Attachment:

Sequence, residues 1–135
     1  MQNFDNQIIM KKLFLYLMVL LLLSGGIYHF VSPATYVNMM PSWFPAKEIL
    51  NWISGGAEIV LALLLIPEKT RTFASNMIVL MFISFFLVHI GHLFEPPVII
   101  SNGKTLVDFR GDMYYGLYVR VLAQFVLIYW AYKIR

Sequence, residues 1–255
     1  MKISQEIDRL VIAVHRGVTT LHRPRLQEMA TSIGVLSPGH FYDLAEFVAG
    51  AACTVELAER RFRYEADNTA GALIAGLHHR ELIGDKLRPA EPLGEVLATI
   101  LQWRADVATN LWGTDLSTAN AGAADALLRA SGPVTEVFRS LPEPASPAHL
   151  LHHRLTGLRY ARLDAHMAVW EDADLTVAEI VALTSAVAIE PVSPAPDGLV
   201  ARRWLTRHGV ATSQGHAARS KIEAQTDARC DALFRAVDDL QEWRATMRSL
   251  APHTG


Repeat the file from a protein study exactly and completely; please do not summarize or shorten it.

Sequence, residues 1–135
     1  MQNFDNQIIM KKLFLYLMVL LLLSGGIYHF VSPATYVNMM PSWFPAKEIL
    51  NWISGGAEIV LALLLIPEKT RTFASNMIVL MFISFFLVHI GHLFEPPVII
   101  SNGKTLVDFR GDMYYGLYVR VLAQFVLIYW AYKIR

Sequence, residues 1–255
     1  MKISQEIDRL VIAVHRGVTT LHRPRLQEMA TSIGVLSPGH FYDLAEFVAG
    51  AACTVELAER RFRYEADNTA GALIAGLHHR ELIGDKLRPA EPLGEVLATI
   101  LQWRADVATN LWGTDLSTAN AGAADALLRA SGPVTEVFRS LPEPASPAHL
   151  LHHRLTGLRY ARLDAHMAVW EDADLTVAEI VALTSAVAIE PVSPAPDGLV
   201  ARRWLTRHGV ATSQGHAARS KIEAQTDARC DALFRAVDDL QEWRATMRSL
   251  APHTG